Bush tucker garden inspires St Peter’s Primary students

07 June 2022

St Peter’s Primary School has created a ‘bush tucker garden’ as part of its commitment to indigenous education.

The brainchild of teachers Victoria May and Marlie Corble Robson, the new garden featuring edible native plants was opened at the Inglewood school as part of National Reconciliation Week last week.

Inspired by generations of indigenous Australians who have grazed on native flora thousands of years, the St Peter’s bush tucker garden features native plants with edible fruits, leaves and seeds, which can be incorporated into traditional food and natural remedies.

“Together we stand on land which has been cared for by Aboriginal and Torres Strait Islander peoples for hundreds of years. This year we decided to have the whole school of more than 750 students participate in a Caring for Country initiative,” Miss Corble Robson said.

“This National Sorry Day and National Reconciliation Week, we wanted all students at St Peter’s Primary School to build a personal sense of responsibility for respecting and caring for the country and place around them.”

“This National Sorry Day and National Reconciliation Week, we wanted all students at St Peter’s Primary School to build a personal sense of responsibility for respecting and caring for the country and place around them.”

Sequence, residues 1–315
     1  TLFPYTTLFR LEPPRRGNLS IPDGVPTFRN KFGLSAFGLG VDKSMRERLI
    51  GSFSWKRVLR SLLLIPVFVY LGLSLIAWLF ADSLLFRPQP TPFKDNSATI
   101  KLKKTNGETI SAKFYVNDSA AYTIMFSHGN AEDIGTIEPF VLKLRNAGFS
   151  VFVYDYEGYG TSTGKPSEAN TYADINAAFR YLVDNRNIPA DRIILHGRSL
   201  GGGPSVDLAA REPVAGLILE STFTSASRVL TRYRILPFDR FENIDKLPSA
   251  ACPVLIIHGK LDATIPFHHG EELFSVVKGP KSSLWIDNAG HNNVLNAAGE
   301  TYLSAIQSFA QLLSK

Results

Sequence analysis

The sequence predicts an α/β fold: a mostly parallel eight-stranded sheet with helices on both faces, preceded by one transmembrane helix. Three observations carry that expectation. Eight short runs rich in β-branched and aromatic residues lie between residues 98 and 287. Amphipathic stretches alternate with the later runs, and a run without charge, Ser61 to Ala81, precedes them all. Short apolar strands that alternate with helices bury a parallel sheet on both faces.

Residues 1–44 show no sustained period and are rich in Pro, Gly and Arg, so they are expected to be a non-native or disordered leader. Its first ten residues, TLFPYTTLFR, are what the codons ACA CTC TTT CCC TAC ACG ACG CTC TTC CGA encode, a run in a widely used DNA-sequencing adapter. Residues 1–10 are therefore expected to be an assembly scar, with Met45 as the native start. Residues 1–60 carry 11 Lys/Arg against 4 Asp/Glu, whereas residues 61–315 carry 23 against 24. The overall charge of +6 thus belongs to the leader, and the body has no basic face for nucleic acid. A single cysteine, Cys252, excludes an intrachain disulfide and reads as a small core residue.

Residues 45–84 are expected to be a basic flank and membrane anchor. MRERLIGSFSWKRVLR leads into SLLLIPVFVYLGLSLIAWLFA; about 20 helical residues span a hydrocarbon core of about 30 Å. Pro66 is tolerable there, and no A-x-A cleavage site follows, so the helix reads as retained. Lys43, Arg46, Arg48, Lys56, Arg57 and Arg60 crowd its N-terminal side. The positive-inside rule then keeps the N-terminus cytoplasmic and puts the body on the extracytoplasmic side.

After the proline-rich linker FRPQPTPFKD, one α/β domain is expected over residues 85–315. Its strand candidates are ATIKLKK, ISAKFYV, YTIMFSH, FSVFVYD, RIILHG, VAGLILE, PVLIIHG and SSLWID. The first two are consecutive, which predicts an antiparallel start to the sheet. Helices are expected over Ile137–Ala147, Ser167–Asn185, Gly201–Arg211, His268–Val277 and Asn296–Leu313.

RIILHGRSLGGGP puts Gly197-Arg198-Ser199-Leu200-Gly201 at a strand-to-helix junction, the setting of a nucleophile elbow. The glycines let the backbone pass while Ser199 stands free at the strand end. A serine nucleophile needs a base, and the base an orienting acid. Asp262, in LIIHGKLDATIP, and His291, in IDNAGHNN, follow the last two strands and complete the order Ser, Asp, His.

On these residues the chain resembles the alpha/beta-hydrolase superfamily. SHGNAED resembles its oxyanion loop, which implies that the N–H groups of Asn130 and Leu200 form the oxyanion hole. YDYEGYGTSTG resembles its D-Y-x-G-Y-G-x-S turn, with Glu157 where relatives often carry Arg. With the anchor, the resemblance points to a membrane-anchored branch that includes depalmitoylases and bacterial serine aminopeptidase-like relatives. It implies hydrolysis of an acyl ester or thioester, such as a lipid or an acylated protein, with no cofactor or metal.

Marlie Corble Robson, teacher St Peter’s Primary School

As part of National Reconciliation Week celebrations, each class was provided with a bush tucker plant to plant in the garden. The selection includes an array of native species including Raspberry Jam Wattle, Warrigal Greens, Muntries, Karkalla and Oldman Salt Bush.

Students then participated in a competition to design a stepping stone to represent National Sorry Week, National Reconciliation Week or Aboriginal and Torres Strait Islander peoples’ histories and cultures. A winner from each class will paint their design on a stepping stone for the garden.

Ms May said the Caring for Country initiative had allowed students to build on their awareness and appreciation of Aboriginal and Torres Strait Islander contributions to sustainable land management as well as engaging with local knowledge about bush foods, medicines, histories, and native plants.

“We wanted to teach the children more about Aboriginal education, the culture, bush tucker and how some of these plants have been used as remedies and medicines for many, many years,” she said.

“The company we purchased the plants from is called Tucker Bush and they have on their website different remedies you can use plants for and different recipes as well.

“So we have put QR codes on the information in front of each plant so students can scan the code and read about the plants. We’ve had them take out their iPads (to the garden) so they can read about what the plant is for, what it will look like when it’s completely grown, recipes it can be used for and if there any natural remedies it can be used to make.”

Ms May said the idea for a bush tucker garden was first floated in 2021 but was put on hold until the start of this year due to COVID-19 restrictions.

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